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Their answers paint a picture of a group of dedicated, committed and highly professional men and women, undertaking a vital role in our justice system, who feel underpaid and frustrated by worsening morale among their staff

Is there a crisis among circuit judges?

Is there a crisis among circuit judges?


Following the results of the 2020 UK Judicial Attitudes Survey, Graham Coy asks whether we need to do more to make our judges feel valued 

At first sight, the idea of reading the 90-page 2020 UK Judicial Attitudes Survey does not set the pulse racing or the heart beating faster. It should.

It provides an invaluable insight into what judges at all levels, including circuit judges, think on a whole range of issues and all of us as lawyers will benefit from studying its conclusions – as will the public, the media and the government.

This is the third survey of its kind – the previous two being undertaken in 2014 and 2016. It was conducted independently by the Judicial Institute of University College London.

A phenomenal 99.6 per cent of court judges in England and Wales took part and 98 per cent of UK tribunal judges. The survey records that, "with close to 100 per cent participation over six years, the report provides a reliable assessment of how, if at all, judicial attitudes to their working lives may have changed."

There are currently over 600 circuit judges and 400 district judges in England and Wales. Circuit judges sit in criminal and civil courts and deal with family cases as well as other civil disputes. The Lord Chief Justice describes their role as "fulfilling, stressful and harrowing."

It should go without saying that a well-functioning system of justice is vital to a working democracy. Highly committed, extremely self-motivated and experienced; in many ways, they are, with district judges, the backbone of day-to-day justice in this country.

The survey found that 96 per cent felt that they were providing an important service to society and had a deep commitment to their role, which the report concludes as evidence of a deep underlying strength of the judiciary across all posts.

Despite this, 56 per cent of participating judges said their working conditions were worse than two years ago. 42 per cent had real concerns about their personal safety in court, with the majority rating buildings maintenance as "poor." The morale of court staff was also said to be poor.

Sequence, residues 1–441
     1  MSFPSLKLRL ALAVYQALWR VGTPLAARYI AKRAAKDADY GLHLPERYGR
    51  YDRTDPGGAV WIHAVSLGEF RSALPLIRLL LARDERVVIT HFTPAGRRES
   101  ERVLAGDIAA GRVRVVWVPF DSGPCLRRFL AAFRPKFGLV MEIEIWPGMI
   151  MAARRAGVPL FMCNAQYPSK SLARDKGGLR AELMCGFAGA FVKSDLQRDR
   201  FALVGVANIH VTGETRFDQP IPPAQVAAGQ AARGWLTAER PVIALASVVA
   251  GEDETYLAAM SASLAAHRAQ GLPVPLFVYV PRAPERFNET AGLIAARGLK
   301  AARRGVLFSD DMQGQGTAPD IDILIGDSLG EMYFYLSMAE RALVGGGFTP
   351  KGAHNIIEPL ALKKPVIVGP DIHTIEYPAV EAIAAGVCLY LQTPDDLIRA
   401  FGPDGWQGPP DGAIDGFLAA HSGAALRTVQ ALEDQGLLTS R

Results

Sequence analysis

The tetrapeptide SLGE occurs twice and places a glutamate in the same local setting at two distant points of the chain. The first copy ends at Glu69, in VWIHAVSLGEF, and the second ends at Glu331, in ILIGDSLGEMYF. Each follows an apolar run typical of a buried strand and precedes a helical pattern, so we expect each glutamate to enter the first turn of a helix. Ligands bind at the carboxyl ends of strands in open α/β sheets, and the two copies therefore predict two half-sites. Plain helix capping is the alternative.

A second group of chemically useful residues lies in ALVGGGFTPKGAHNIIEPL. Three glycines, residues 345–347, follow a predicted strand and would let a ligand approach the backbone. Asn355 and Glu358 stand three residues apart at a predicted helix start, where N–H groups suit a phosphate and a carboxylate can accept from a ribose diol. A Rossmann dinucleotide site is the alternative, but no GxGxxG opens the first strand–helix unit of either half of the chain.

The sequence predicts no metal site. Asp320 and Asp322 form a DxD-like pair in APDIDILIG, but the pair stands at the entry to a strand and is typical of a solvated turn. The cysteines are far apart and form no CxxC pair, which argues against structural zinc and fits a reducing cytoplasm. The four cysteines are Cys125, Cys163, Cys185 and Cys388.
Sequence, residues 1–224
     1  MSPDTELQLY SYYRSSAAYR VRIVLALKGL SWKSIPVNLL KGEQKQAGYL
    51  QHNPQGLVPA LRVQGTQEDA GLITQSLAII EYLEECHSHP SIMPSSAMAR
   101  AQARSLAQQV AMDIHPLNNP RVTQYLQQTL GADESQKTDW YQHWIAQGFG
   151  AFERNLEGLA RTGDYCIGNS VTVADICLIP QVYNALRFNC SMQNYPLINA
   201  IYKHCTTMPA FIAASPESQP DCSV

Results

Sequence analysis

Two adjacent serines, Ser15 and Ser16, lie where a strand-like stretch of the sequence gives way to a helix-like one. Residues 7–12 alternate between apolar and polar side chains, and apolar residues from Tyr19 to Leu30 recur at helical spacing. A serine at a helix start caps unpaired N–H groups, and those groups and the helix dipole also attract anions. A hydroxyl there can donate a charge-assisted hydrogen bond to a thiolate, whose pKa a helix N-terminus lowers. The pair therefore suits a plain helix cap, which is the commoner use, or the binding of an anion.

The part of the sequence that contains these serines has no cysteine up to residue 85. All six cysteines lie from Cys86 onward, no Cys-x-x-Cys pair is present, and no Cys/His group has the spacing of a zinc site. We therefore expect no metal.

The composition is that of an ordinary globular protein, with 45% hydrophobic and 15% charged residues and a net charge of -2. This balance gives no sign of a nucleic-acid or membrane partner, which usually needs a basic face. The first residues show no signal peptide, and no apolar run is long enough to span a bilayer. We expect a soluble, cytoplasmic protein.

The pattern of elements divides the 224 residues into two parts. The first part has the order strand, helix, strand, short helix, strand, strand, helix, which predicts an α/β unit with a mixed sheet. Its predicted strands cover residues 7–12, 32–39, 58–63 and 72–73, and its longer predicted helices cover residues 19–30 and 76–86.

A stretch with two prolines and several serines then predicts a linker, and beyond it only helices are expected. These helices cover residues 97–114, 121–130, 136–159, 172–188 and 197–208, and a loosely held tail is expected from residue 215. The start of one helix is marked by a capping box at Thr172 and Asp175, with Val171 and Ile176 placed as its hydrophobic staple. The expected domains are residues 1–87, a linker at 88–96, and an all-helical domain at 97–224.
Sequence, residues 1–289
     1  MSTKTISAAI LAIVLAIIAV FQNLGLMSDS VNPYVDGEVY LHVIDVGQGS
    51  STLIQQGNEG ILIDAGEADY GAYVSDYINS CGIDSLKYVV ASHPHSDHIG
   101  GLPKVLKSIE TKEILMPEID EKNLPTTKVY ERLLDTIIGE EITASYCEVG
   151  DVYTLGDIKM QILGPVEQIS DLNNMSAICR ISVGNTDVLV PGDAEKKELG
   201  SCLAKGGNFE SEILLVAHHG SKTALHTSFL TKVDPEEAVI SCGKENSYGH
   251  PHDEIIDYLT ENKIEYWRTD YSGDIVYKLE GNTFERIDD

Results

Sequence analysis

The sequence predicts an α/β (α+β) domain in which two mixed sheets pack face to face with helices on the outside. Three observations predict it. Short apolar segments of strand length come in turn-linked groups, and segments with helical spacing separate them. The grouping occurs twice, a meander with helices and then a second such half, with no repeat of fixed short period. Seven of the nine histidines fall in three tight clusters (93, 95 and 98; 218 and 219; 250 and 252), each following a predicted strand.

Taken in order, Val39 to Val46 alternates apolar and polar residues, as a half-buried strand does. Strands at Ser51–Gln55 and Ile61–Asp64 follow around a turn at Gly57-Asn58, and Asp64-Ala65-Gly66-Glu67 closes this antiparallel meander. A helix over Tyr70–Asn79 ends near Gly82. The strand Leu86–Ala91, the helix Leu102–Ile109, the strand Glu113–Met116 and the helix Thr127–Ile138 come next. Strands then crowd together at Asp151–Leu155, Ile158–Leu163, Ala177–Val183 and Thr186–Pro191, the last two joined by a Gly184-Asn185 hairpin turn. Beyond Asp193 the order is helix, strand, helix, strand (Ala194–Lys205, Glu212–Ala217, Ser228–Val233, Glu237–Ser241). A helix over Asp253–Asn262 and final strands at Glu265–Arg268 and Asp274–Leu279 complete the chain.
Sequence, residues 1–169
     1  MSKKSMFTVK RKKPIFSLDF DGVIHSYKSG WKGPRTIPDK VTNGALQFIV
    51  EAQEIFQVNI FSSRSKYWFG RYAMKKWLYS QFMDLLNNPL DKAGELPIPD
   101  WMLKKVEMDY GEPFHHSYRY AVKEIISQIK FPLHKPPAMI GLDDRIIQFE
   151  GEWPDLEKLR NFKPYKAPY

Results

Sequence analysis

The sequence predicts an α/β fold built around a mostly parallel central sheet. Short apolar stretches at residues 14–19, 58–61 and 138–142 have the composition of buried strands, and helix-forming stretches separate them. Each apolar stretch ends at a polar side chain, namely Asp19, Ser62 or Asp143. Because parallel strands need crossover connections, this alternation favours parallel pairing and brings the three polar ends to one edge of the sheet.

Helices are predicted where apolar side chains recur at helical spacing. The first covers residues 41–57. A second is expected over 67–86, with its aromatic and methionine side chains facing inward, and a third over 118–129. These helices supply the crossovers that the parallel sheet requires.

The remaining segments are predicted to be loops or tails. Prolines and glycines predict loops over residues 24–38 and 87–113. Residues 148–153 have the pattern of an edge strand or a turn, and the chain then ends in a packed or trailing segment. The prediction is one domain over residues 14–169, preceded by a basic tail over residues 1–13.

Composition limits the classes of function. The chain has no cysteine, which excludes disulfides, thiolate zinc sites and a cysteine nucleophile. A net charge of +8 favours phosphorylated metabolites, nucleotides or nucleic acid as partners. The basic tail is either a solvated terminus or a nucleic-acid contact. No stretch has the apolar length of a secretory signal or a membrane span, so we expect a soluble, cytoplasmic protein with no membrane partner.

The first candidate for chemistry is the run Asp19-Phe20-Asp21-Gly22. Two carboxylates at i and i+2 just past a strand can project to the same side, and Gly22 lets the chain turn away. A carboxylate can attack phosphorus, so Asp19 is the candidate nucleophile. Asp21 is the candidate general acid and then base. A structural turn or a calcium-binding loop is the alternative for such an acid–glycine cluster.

The majority of circuit judges had been earning more, or substantially more, before they took up their posts. 64 per cent felt their pay and pension benefits did not adequately reflect the work they did. Yet, 84 per cent were satisfied with the challenge of their job and 64 per cent would encourage others to apply to become a judge.

Against this background, it is enormously concerning to read that 69 per cent of judges felt less respected by society than they were five years ago. Few judges felt valued by government (9 per cent) or by the media (12 per cent) and no judges reported feeling greatly valued by either of the foregoing.

It is hardly surprising, then, that 40 per cent said they were intending to retire early within the next five years.

Their answers paint a picture of a group of dedicated, committed and highly professional men and women, undertaking a vital role in our justice system, who feel underpaid and frustrated by worsening morale among their staff.

All this alongside the decreasing number of support staff, suffering from low morale themselves, as well as having poor physical working conditions, increasing workloads, and not feeling respected by those they serve.

While the media can be quick to criticise, judges are unable and unwilling to fight back – they should note that 87 per cent of judges feel valued by parties in cases who appear before them.

The survey does present contradictions, concerns and signs for encouragement. What we cannot do is ignore its starkest conclusions.

While preserving a degree of objectivity and recognising that, like all of us, judges are not infallible, government, media and all of us need to show respect for the enormously difficult and demanding task which judges undertake every working day of the year, applaud their commitment and address their concerns. If we don’t, our justice and our democracy will start to crumble.

Graham Coy is a family law partner at Wilsons Solicitors